Pelvic Floor exercises strengthen the muscles of the pelvic floor. If done correctly, women could see marked improvement with incontinence in about eight to 12 weeks.
Remember, you’re not alone. Millions of people the world over have daily, severe incontinence, and many more are diagnosed with mild to moderate urinary incontinency. The condition is more prevalent in women due to childbearing, with a 30% report rate for women ages 15 to 64. Men are less affected, about 15%, but the rates are rising as more men undergo prostate surgery. The best news is that it is treatable. If you or someone you know is affected by incontinence, talk with a medical professional about treatments.
Women with gestational diabetes mellitus (GDM) are at increased risk of postpartum urinary incontinence, including stress, urge, and mixed type, according to Taiwanese investigators. And the problems may persist for at least two years after delivery, a finding that goes against the common belief that genitourinary problems subside soon after delivery.
The study also found that quality of life is often compromised in these women, Dr Chi-Mu Chuang from Taipei Veterans General Hospital and National Yang-Ming University said.
“Women with GDM should be provided with timely consultation and support once urinary incontinence occurs,” Dr Chuang and colleagues advise in a report online in the British obstetrics journal BJOG.
The impact of GDM on postpartum urinary incontinence was studied in 6,653 pregnant women who delivered a single term infant between 2002 and 2007 at a single hospital in Taiwan. A total of 580 of the women had GDM.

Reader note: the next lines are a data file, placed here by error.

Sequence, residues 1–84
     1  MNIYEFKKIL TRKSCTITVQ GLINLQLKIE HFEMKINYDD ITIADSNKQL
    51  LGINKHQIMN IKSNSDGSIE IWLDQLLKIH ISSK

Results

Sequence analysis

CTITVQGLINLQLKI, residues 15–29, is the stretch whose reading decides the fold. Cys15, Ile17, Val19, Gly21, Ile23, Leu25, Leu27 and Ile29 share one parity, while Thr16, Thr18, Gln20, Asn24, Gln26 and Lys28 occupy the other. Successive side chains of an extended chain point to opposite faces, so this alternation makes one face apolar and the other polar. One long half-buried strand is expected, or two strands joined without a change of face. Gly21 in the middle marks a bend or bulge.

At six weeks postpartum, the percentage of women with urinary incontinence was higher in the GDM group than the non-GDM group: stress urinary incontinence, 11.9% vs 5.6%; urge urinary incontinence, 4.4% vs 1.6%; mixed urinary incontinence, 2.7% vs 0.3%.
After adjusting for multiple confounding factors, GDM was a significant independent risk factor for all types of urinary incontinence, with odds ratios of 1.97 for stress urinary incontinence, 3.11 for urge incontinence and 2.73 for the mixed type.
The authors say, “Compared with women without GDM, women with GDM tended to exhibit more severe symptoms of stress incontinence for up to two years postpartum, whereas for urge or mixed incontinence, more severe symptoms were found only at six months postpartum.”
Quality of life was “generally poorer” among women with GDM, the researchers say. In particular, based on the Incontinence Impact Questionnaire 7, women with GDM who required insulin had a higher likelihood of functional impairment than women with GDM who required conservative treatment only or women without GDM (p<0.05, by the chi-square test for trend).
In their paper, Dr Chuang and colleagues say the “epidemiological value” of the study lies in the establishment of a positive relationship between GDM and urinary incontinence, “in addition to the established positive relationships between diabetes mellitus and urinary incontinence, and between gestation/delivery and urinary incontinence.”
“This finding,” they say, “suggests that diabetes and gestation/delivery may have additive or synergistic effects on postpartum urinary incontinence. However, the underlying biological pathway was not investigated in the current research, and merits further in-depth study.”
Urinary incontinence is more common than reported. Regrettably, many people suffer in silence and restrict their daily activities. Yet incontinence is often easily managed and treated, indeed, experts have shown that nearly 80% of people with poor bladder control can be cured or improve.
Bladder control is a problem for women and men, and some young people. Experts estimate that four out of five incontinence patients are women — especially those who have had pregnancies or who are elderly.